Agri Business

'Agri sector to drive social, economic transformation in India'

V Sajeev Kumar Kochi | Updated on September 02, 2019 Published on September 02, 2019

The agri-tech system is maturing as an emerging business opportunity in market linkage, digitalisation of agriculture, better access to inputs, farm services and finance.   -  THE HINDU

The agriculture sector will be at the centre-stage of innovation and will lead India towards overall social and economic transformation by 2020, R Chandra Babu, Vice-Chancellor, Kerala Agricultural University, has said.

The country has witnessed a jump in agri-tech start-ups, with funding of $248 million in the first half of 2019, which is a three-fold rise compared to $73 million in 2018, he said.

Nasscom has reported the emerging positive shift in India in enterprising fields, from IT and e-commerce, to other unconventional areas such as education, health and agriculture that offer the most fundamental challenges to humanity in the form of food, life and security.

The Vice-Chancellor was speaking at Agripreneur 2019 at Kottayam, organised as a prelude to the eighth edition of TiEcon Kerala 2019.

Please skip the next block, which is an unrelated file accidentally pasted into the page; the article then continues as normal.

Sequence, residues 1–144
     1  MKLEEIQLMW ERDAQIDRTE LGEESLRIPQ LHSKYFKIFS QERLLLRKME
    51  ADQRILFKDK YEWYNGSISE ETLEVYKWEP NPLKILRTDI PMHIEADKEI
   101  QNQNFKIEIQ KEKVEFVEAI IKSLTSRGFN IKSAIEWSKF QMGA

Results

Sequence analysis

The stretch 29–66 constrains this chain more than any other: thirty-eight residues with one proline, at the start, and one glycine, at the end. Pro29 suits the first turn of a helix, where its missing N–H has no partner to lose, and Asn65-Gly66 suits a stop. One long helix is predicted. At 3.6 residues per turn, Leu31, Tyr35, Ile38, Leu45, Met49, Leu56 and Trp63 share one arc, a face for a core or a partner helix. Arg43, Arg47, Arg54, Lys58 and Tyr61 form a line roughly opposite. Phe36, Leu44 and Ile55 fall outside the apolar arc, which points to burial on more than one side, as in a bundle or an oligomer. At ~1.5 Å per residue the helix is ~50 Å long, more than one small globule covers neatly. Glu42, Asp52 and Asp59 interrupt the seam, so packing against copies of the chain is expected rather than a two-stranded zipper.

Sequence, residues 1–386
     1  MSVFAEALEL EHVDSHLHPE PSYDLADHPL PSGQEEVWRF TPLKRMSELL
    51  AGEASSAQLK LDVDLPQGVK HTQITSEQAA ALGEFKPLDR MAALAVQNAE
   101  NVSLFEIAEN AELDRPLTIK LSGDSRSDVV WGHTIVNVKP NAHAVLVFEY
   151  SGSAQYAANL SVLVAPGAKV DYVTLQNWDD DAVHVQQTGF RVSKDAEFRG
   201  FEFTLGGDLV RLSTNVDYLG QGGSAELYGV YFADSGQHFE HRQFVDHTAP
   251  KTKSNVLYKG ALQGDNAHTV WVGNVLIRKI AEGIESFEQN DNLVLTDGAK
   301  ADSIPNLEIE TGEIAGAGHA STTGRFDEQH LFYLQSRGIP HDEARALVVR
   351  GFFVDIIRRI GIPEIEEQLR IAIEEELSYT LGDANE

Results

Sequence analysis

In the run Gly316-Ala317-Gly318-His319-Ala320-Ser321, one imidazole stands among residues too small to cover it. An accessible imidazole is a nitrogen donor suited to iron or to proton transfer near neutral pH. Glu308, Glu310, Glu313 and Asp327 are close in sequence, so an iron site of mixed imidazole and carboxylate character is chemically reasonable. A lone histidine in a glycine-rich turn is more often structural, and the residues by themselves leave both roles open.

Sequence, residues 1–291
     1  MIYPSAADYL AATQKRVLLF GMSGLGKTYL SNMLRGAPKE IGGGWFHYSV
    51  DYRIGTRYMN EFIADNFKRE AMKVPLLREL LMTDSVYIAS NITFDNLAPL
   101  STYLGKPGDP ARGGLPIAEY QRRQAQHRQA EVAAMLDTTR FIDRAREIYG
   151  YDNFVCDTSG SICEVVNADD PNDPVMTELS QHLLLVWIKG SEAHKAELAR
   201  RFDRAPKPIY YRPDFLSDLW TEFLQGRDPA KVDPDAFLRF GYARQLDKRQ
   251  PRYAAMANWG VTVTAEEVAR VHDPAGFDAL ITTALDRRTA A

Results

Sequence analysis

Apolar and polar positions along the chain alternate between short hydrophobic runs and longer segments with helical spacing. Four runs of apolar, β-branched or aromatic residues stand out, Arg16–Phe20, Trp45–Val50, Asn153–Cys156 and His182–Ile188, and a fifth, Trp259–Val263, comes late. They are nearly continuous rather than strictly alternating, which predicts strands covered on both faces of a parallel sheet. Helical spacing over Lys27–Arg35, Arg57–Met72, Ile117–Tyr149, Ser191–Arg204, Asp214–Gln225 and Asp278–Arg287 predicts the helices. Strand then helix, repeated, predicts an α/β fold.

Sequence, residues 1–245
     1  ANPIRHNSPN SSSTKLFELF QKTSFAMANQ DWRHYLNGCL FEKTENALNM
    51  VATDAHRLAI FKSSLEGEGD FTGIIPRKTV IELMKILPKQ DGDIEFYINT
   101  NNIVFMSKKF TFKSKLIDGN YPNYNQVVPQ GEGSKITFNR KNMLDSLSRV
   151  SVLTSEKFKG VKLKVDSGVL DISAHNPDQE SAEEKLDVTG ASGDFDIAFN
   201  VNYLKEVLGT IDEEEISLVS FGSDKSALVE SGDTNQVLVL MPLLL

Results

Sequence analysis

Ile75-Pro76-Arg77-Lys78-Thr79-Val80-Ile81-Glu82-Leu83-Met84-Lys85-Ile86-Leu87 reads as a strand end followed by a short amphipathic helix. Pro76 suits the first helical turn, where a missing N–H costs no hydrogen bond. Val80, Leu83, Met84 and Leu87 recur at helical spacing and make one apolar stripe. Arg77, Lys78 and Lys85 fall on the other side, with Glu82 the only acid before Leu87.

Agri-tech start-ups are the true Make in India for the world, with more than 25 Indian agri-tech start-ups having a global presence. More than half of the estimated 450 agri-tech start-ups work to provide better access to inputs to farmers and facilitate water supply solutions. The agri-tech system in the country is maturing as an emerging business opportunity in market linkage, digitalisation of agriculture, better access to inputs, farm services and finance, he said.

Jatin Singh, Managing Director, SkyMet Weather Services, and an expert in weather forecasting and the agri-tech segment, addressed budding entrepreneurs and farmers on how Artificial Intelligence, Machine Learning and Remote Sensing technologies and their analysis could be effectively used to manage the financial risk of smallholder farmers.

Indian agriculture and, more specifically, agriculture in Kerala, is going through a crisis, a climate crisis, because of alternate flood and drought cycles and a lot of variability. A growing population is another major concern. The scale of agriculture is shrinking with the per capita acreage of agriculture land in India going down by 3 per cent year-on-year, Singh said.

“It’s time we made agriculture more efficient, more remunerative for everyone. More mechanisation, making better use of technology and growing high-value horticultural crops will all have a positive impact on the agricultural sector. We also need to relook our sea life and large livestock potential that has been underutilised,” he added.

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Published on September 02, 2019
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